Please keep in mind that this blog often has comments and statements directly from the women on death row. Statements of grief, statements of innocence, statements of regret and sorrow. If bearing audience to these women's feelings, my opinions or those of commenters offends you please do not read on.
Transgender Woman Murders Two Gay Women & Their Child
A San Jose transgender woman is accused in the brutal killings of an Oakland woman and her wife and son after the trio were found in their home early Friday morning.
Dana Rivers, 61, who's in custody in Santa Rita Jail, has been charged with three counts of murder in the deaths of Patricia A. Wright, Charlotte Kuulei Reed, and Benny Wright.
People who knew Patricia Wright described her as peaceful and said they couldn't imagine why anyone would harm the family. Authorities haven't discussed a motive.
According to Oakland police, at 12:21 a.m. November 11, officers were dispatched to the 9400 block of Dunbar Drive to investigate reported gunshots. There, they found Benny Wright in front of a home. He appeared to have been stabbed.
Two women were inside the home with apparent gunshot and stab wounds. The fire department came and tried to render aid, but the victims died.
A probable cause document says, "As officers were [providing] aid to the victim, the officer heard a loud bang coming from the garage. Moments later [Rivers] walked out of the residence," and the officer saw that she was "covered in blood."
Officers detained Rivers, and when they searched her, they found "ammunition in her pocket along with knives," according to the document. She also "began to make spontaneous statements about her involvement in the murders."
Alameda County Sheriff's Department records indicate Rivers was arrested about nine minutes after police were dispatched to the home, which Rivers allegedly set fire to. She's being held without bail.
Police have declined to provide more information about what happened at the family's home. Along with the murder charges, Rivers also faces counts of arson of an inhabited structure and possession of metal knuckles, and special allegations including using a knife and a firearm, prosecutors said in a criminal complaint. The complaint lists Benny Wright's name as Toto M. Diabu.
Rivers was set to be arraigned Tuesday, November 15, but her case was continued to the next day in order to determine which attorney would represent her.
Rivers made headlines in the 1990s when she transitioned while working as a teacher at a Sacramento-area school.
Outside the courtroom Tuesday, Khari Campbell-Wright, Wright's surviving son, said he knew Rivers.
"I didn't know the confines of what was going," but "she was involved in a motorcycle gang," Campbell-Wright said.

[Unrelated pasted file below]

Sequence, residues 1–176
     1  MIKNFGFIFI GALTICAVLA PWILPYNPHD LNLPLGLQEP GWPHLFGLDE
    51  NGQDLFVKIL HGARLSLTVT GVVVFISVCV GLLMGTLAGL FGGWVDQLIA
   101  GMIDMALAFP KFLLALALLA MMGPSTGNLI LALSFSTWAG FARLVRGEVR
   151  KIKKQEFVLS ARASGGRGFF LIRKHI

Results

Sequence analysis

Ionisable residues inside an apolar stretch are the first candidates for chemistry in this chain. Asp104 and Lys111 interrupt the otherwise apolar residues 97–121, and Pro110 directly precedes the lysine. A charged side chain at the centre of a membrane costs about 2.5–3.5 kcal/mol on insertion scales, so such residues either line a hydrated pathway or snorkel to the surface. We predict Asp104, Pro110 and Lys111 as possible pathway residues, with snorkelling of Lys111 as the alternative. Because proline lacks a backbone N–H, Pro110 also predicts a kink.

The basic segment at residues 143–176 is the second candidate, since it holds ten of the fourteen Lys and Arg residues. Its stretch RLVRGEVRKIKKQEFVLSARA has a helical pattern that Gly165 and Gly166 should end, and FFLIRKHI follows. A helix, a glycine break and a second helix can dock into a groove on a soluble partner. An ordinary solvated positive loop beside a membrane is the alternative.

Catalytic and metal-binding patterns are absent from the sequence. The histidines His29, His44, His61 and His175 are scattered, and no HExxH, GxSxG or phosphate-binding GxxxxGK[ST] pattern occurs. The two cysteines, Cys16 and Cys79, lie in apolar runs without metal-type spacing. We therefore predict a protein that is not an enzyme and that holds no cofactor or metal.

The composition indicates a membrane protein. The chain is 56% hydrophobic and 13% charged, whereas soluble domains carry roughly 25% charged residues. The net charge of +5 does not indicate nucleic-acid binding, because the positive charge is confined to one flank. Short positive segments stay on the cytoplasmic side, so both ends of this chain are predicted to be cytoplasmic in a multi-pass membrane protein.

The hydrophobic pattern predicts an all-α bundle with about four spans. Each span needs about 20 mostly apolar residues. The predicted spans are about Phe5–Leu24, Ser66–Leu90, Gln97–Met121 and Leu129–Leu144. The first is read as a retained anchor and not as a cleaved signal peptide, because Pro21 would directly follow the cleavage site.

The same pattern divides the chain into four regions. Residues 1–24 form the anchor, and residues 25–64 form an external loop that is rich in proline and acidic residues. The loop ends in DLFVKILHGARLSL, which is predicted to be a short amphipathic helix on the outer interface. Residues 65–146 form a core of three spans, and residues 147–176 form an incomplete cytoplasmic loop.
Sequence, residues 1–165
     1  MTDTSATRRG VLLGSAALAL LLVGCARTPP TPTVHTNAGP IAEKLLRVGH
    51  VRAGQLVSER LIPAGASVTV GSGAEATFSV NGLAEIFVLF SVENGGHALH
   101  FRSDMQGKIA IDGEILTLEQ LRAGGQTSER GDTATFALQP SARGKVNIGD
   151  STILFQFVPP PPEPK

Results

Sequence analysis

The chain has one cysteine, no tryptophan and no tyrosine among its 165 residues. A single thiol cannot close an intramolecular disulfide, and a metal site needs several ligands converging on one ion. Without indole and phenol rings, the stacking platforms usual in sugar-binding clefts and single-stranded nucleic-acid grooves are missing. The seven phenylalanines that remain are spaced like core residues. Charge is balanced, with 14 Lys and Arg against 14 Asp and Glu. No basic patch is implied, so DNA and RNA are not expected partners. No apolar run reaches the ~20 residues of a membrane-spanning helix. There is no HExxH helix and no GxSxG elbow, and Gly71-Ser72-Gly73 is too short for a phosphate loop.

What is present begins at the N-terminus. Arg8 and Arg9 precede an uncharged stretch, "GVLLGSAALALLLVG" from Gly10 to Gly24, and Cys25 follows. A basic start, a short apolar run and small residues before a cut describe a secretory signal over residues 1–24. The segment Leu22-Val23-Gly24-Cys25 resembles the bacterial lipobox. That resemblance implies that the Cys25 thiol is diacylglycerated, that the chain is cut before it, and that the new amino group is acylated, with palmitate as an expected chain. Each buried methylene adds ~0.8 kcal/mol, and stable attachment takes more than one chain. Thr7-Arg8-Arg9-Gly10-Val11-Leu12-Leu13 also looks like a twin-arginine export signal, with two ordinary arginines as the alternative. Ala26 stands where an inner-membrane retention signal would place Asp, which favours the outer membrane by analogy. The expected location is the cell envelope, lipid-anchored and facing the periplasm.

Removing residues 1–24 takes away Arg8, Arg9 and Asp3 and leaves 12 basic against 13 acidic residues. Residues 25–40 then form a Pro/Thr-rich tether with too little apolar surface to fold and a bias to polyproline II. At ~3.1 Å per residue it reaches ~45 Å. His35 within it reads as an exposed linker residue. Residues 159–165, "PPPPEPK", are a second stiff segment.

"My mom had no part of it. My brother had no part of it," he said, adding that his family had been in the "wrong place at the wrong time."
Campbell-Wright stood with Richard Wright, Patricia Wright's brother, as he talked. Neither man would discuss the case further. People who knew Patricia Wright said Campbell-Wright has been away at college and wasn't living at the home on Dunbar.
Michael Campbell, Campbell-Wright's father, said he didn't know what had happened Friday morning.
Campbell said Wright was "very smart" and "quiet. She was a good mom."
He didn't want to talk about Reed.
"We were not friends," Campbell said. "I really don't want to go into why."
However, he said, "She loved Khari," and with her veteran's benefits, "she was responsible for him being able to go to school."
Campbell said that Benny Wright, who was Patricia Wright's adopted son, was originally from West Africa.
He was "real quiet," Campbell said. "He had been through a lot."
Wright had just graduated from high school and planned to become a nurse, Campbell said.
"He wanted to help people," he said.
Pamela Mack, 56, of Oakland, Patricia Wright's first wife, was also at the courthouse Tuesday. In a phone interview beforehand, she called her ex-wife "a quiet spirit" who was creative and enjoyed traveling.
"She was a beautiful woman with a beautiful spirit, and an amazing mom," Mack said. "She was just a really good person that didn't deserve anything like this to happen to her."
"It's hard to even think about, to wrap my mind around how someone could do something so vicious," Mack said.
The neighborhood where Wright and Reed lived appeared to be a quiet one. Several neighbors said they didn't know the family, who'd lived in the house for a few years, and they didn't know of any previous trouble at the house. A couple neighbors said there had been problems including burglaries and at least one car break-in in the area.
Sheets of plywood had been placed over the garage door at the house, but there were otherwise no signs of fire. A sign next to the front door said "Char's hair design and a place for change."
Michael Campbell said that in her hair business, Reed focused on LGBTs, especially transgender people.
A motorcycle was parked in a small shed next to the house.
Plans for a memorial weren't available as of Tuesday morning.